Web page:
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Marcvs Licinivs Crassvs

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Like you, I've always admired (albeit with a kind of fascinated horror) the way that Crassus managed to dominate the Republic of his day. While he was alive he was more than the equal of both Pompey and Caesar. Yet - and here is where I'd disagree - I would not call Crassus a warlord.

 

A warlord is someone who uses his army to dominate the political process in his country or region. Yet Crassus dominated primarily through his mastery of politics. Command of his two armies was given to him by the senate through due constitutional process. After the Spartacus campaign he disbanded his army in orderly fashion. Whether Crassus would have done the same had he fought a successful Parthian campaign, we'll never know. But at most he was a 'potential' warlord.

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Like you, I've always admired (albeit with a kind of fascinated horror) the way that Crassus managed to dominate the Republic of his day. While he was alive he was more than the equal of both Pompey and Caesar. Yet - and here is where I'd disagree - I would not call Crassus a warlord.

 

A warlord is someone who uses his army to dominate the political process in his country or region. Yet Crassus dominated primarily through his mastery of politics. Command of his two armies was given to him by the senate through due constitutional process. After the Spartacus campaign he disbanded his army in orderly fashion. Whether Crassus would have done the same had he fought a successful Parthian campaign, we'll never know. But at most he was a 'potential' warlord.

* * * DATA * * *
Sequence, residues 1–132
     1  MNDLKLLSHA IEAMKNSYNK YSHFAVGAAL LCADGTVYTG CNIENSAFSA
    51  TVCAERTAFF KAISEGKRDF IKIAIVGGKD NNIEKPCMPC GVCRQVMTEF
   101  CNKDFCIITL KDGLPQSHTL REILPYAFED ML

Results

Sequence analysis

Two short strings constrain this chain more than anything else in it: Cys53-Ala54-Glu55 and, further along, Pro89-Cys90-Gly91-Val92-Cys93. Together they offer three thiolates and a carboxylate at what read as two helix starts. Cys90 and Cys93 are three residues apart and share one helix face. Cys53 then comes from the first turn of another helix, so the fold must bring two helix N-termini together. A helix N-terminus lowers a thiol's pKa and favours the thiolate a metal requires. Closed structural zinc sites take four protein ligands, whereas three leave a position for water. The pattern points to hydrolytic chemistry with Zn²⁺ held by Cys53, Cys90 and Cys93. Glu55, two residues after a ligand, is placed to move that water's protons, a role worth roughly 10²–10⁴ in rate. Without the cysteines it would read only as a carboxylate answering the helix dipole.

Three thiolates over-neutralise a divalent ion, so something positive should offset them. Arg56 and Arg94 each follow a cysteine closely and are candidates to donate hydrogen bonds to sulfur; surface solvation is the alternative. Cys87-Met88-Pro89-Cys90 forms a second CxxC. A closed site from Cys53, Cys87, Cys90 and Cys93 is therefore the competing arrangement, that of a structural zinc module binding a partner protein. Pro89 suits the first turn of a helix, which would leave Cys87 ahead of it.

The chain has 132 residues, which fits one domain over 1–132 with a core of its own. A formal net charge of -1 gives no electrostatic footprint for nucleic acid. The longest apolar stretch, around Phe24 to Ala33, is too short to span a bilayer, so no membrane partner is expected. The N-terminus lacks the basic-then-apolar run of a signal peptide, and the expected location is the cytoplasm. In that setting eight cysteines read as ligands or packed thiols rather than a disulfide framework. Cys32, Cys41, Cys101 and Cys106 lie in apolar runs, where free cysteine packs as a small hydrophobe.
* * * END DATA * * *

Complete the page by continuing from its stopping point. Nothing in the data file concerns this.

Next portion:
Though you make some good points, I would still consider Crassus a warlord. Though he was legally appointed to command the armies by the Senate, he used it as other had to his own ends. He did not immediately disband the army he used to crush Spartacus, for Pompey and himself camp outside Rome in order to have their triumph (Pompey) and ovation (Crassus). This move can be seen as a power play that ultimately ensured the consulships of both men in 70 BC.

 

I would also say that warlord is an accurate term because warlords are people who generally retain power through through both civil and military power. Crassus rose to power mostly through war. His success under Sulla enabled him to amass some of his fortune, which in turn allowed him to maintain his political clout.

 

I would agree with the idea that when compared to his contemporaries, his power was best represented by his master of politics (especially backdoor politics) and that he was more or less outshone by the military might of Pompey and then Caesar. However, I would still say he classifies as a warlord given his rise to power through the military and his successful campaign against Spartacus.

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Crassus always seems to have had his thunder stolen by better self-publicising politicians. He seems to have wavered between political success and military success, whether he genuinely sought recognition on both fronts (with partial success) or whether his goals changed according to the people around him (especially Pompey after the servile war) is unclear. I suppose I tend to think of him as a solid general and politician but overshadowed in both repects.